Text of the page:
The Special Role of Fathers

Things have changed a lot in recent years. The traditional roles of mother and father aren’t what they were when many of us were growing up – and certainly not what they were in the time of our grandparents and those before them. Today, both parents – regardless of gender – are much more involved in the raising of their kids. This is great. Yet the archetypes of Mother and Father remain. And the function of these archetypes is still important.

The special role of fathers is vastly different from that of mothers. Mom is responsible for providing home while Dad is responsible for us leaving home.

Archetypally, home is the realm of Mom. Mom is home. And it is Mom’s role to nurture us inside this safe place.  Meanwhile, Dad, the archetypal Father, exists mostly outside of the home. Father goes to work, to a place unknown. Dad’s constant leaving of the home acts as a bridge for us to explore something beyond what we know.

Eventually we all need to leave home in order to find and create home for ourselves as adults.  We need some break with Mother (literally our first home and archetypally always our home) in order to grow up. Father teaches us, inspires us, and – sometimes even – pushes us to go out into the world.

It’s important to remember that archetypes are without gender. Mother and Father can be any gender. The emphasis here is on the role each archetype plays.

I’m going to share a personal example of this and then a slew of fun examples. (This is a longer post than most. Note that the titles of most examples have hyper-links to more information.)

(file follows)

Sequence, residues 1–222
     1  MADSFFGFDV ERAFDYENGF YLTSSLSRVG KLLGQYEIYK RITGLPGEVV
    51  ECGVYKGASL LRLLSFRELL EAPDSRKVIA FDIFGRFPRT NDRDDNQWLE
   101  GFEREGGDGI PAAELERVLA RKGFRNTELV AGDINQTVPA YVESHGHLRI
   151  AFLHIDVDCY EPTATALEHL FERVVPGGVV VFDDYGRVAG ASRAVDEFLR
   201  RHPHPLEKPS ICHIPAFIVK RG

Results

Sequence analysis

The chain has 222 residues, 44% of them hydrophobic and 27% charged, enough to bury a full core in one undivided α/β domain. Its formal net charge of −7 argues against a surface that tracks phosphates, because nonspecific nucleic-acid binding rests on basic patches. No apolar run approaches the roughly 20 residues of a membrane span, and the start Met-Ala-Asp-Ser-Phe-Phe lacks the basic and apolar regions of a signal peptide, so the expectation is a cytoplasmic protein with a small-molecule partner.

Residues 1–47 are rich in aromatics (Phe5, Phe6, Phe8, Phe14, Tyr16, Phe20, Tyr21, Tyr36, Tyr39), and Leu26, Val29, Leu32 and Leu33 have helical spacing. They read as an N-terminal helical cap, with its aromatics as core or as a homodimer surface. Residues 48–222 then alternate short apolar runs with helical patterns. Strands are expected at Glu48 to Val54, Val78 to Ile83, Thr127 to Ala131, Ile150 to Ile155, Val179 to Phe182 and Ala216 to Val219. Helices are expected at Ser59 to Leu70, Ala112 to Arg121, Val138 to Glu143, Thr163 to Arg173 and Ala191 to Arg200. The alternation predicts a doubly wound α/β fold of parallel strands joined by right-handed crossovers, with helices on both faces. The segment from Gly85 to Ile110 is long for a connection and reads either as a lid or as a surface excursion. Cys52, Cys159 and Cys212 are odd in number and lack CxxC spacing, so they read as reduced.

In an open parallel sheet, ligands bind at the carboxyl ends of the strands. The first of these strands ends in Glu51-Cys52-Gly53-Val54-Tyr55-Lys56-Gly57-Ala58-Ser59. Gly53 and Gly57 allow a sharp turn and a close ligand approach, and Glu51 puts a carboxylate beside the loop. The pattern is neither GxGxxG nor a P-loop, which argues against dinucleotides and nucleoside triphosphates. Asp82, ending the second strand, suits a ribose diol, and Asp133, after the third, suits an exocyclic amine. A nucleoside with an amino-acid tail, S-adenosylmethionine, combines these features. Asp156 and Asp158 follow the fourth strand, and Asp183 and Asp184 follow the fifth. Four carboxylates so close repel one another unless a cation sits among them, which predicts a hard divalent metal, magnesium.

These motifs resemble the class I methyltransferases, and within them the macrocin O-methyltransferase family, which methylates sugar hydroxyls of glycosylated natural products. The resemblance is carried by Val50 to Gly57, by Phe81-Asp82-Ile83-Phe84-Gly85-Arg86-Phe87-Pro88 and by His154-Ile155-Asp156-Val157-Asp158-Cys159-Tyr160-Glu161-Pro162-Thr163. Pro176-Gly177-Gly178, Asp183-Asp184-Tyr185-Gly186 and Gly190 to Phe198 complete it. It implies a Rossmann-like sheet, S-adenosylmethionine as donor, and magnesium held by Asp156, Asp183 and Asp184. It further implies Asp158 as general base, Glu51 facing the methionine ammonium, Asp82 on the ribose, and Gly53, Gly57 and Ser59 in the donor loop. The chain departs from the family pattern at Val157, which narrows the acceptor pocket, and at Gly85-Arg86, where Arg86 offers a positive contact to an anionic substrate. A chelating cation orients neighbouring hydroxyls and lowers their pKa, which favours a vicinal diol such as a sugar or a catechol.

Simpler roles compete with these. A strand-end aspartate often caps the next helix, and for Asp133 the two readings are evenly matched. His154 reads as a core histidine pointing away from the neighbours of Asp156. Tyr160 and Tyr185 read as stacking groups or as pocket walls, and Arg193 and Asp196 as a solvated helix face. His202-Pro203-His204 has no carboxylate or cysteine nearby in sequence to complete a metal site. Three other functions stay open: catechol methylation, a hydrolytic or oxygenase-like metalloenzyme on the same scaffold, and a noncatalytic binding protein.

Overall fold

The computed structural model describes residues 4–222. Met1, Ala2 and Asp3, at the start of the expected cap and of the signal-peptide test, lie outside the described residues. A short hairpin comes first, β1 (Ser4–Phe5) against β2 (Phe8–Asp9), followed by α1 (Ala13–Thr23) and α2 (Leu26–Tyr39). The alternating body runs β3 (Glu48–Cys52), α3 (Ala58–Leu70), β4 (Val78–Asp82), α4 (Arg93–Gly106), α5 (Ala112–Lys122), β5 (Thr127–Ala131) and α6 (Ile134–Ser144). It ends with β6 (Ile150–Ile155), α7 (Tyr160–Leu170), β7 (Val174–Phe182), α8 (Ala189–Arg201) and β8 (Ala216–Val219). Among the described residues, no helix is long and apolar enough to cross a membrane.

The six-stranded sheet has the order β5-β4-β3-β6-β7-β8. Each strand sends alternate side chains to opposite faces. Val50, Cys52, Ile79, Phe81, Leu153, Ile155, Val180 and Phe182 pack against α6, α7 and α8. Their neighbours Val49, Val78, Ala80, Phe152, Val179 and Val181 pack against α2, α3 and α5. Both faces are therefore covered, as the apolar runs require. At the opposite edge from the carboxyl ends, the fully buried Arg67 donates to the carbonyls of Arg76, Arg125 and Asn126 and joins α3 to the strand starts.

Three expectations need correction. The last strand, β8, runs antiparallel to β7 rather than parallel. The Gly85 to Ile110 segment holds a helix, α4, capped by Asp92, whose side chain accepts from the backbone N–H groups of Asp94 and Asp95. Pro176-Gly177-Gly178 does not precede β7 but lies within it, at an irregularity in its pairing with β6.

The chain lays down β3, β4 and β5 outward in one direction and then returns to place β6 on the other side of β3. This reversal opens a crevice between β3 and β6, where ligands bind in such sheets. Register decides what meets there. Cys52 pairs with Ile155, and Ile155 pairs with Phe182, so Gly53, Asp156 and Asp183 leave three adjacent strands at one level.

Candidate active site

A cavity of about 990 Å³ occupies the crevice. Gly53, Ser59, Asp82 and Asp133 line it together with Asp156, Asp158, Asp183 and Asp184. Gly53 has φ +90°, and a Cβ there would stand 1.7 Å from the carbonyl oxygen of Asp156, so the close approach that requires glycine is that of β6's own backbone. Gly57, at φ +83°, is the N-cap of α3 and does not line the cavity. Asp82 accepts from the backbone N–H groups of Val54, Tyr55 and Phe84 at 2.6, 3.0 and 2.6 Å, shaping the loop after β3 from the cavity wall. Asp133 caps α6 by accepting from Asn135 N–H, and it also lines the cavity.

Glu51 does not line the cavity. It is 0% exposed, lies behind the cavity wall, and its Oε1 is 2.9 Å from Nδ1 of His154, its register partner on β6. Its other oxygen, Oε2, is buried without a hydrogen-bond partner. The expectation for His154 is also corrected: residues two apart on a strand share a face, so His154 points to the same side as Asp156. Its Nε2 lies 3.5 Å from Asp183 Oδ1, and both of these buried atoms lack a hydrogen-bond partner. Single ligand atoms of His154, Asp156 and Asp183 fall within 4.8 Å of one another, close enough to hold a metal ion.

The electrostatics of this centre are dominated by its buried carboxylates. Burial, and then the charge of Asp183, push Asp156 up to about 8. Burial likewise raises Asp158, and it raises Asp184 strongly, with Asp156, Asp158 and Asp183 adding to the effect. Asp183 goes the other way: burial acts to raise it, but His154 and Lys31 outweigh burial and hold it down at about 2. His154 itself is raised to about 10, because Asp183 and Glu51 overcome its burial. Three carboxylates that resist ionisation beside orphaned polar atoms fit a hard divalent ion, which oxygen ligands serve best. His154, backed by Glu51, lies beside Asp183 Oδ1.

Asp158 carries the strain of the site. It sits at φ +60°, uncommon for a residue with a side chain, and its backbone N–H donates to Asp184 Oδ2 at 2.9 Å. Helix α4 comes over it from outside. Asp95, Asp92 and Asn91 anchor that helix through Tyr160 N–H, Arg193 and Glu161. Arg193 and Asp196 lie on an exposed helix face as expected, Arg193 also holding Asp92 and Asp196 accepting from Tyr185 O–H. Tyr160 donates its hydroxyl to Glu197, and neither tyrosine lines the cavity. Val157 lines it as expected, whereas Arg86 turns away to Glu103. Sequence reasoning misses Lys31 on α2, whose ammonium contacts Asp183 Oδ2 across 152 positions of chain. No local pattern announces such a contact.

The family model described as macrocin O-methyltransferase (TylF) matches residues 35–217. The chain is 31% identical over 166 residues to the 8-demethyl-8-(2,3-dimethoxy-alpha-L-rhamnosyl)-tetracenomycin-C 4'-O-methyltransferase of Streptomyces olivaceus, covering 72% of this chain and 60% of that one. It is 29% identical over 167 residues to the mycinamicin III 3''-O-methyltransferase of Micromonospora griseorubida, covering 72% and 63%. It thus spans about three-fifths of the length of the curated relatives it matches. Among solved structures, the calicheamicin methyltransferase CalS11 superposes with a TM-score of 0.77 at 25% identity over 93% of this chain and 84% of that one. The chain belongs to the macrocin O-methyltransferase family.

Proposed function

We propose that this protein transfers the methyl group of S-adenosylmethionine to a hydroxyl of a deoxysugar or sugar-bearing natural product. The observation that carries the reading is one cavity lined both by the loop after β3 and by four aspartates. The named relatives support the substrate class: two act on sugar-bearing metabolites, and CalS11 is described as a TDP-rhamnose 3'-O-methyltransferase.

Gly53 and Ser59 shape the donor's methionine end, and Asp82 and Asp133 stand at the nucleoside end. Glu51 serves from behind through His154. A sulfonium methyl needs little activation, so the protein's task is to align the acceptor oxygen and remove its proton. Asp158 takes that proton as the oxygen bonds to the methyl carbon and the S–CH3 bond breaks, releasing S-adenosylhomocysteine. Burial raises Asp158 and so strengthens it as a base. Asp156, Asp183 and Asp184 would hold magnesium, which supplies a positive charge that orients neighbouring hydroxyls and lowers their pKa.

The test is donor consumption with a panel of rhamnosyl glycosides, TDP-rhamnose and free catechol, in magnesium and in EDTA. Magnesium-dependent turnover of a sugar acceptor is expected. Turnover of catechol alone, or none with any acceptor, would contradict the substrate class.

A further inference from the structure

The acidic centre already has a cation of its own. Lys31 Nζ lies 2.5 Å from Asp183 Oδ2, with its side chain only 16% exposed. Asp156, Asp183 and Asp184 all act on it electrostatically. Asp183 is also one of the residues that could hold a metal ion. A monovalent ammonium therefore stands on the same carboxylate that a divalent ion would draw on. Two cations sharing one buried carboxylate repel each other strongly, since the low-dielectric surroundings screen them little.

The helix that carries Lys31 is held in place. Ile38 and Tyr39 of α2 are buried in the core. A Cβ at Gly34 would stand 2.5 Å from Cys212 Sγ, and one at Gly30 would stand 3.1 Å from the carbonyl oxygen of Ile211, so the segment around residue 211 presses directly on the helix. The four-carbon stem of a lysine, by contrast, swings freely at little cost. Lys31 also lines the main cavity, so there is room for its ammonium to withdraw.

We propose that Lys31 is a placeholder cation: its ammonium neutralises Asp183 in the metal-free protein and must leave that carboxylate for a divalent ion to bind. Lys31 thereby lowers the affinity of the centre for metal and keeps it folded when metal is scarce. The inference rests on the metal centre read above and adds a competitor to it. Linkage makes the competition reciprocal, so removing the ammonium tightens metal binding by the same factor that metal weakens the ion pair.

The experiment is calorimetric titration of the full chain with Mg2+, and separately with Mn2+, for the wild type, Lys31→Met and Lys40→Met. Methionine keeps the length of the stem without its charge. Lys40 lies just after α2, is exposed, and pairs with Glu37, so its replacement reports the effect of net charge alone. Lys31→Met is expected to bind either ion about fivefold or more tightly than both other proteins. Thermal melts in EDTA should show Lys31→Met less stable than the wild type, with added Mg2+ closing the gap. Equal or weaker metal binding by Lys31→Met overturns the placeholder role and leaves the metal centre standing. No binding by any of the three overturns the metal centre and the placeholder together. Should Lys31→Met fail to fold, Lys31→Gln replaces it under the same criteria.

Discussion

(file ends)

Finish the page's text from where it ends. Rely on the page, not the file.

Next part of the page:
Recently I mentioned a single male friend who adopted a young girl. He was her sole parent for almost 19 years. He fed her, protected her, and nurtured her through her entire young life. Until he moved to another state when she was almost nine, he had a cadre of wonderful women friends who spent time with her. Still, on a day-to-day basis, it was just the two of them.

As she grew into her teenage years, single parenting became more difficult. Her physical development into a young woman was completely foreign to him. More than that, due to his own upbringing (lack of strong parental models, lack of structure), he struggled to provide boundaries and discipline. In short, there was no authority in the home.

The Father (as an archetype) is largely responsible for providing rules and structure that teach children how to successfully become responsible adults. The Father “lays down the law,” so to speak. Why? Because this is the archetype that exists mostly outside of the home, who understands the behaviors needed to survive in the world. Whereas, inside the home, Mother rules. Behavior at home is quite different. This is why we long to go home, where we are comfortable, where we can relax, where we are accepted just as we are. This is what the Mother archetype provides. But we cannot live at home forever or all the time. Growing up means leaving home. Father is that bridge.